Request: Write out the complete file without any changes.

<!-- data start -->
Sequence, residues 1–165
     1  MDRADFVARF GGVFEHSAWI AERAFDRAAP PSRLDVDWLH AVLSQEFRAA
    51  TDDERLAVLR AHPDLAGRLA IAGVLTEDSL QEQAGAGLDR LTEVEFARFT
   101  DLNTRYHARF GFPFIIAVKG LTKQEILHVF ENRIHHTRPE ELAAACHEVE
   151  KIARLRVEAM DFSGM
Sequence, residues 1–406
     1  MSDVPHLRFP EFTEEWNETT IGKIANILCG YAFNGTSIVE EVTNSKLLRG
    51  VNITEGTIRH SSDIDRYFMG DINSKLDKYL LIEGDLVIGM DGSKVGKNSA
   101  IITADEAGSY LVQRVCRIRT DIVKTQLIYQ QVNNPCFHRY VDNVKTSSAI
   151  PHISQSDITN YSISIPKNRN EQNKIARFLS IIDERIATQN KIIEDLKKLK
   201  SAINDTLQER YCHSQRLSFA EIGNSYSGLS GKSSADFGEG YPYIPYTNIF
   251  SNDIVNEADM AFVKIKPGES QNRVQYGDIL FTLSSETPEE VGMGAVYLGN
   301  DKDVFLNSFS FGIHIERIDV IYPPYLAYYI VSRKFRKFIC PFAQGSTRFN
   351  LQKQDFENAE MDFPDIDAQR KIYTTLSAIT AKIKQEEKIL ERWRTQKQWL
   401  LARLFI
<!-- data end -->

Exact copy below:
Sequence, residues 1–165
     1  MDRADFVARF GGVFEHSAWI AERAFDRAAP PSRLDVDWLH AVLSQEFRAA
    51  TDDERLAVLR AHPDLAGRLA IAGVLTEDSL QEQAGAGLDR LTEVEFARFT
   101  DLNTRYHARF GFPFIIAVKG LTKQEILHVF ENRIHHTRPE ELAAACHEVE
   151  KIARLRVEAM DFSGM
Sequence, residues 1–406
     1  MSDVPHLRFP EFTEEWNETT IGKIANILCG YAFNGTSIVE EVTNSKLLRG
    51  VNITEGTIRH SSDIDRYFMG DINSKLDKYL LIEGDLVIGM DGSKVGKNSA
   101  IITADEAGSY LVQRVCRIRT DIVKTQLIYQ QVNNPCFHRY VDNVKTSSAI
   151  PHISQSDITN YSISIPKNRN EQNKIARFLS IIDERIATQN KIIEDLKKLK
   201  SAINDTLQER YCHSQRLSFA EIGNSYSGLS GKSSADFGEG YPYIPYTNIF
   251  SNDIVNEADM AFVKIKPGES QNRVQYGDIL FTLSSETPEE VGMGAVYLGN
   301  DKDVFLNSFS FGIHIERIDV IYPPYLAYYI VSRKFRKFIC PFAQGSTRFN
   351  LQKQDFENAE MDFPDIDAQR KIYTTLSAIT AKIKQEEKIL ERWRTQKQWL
   401  LARLFI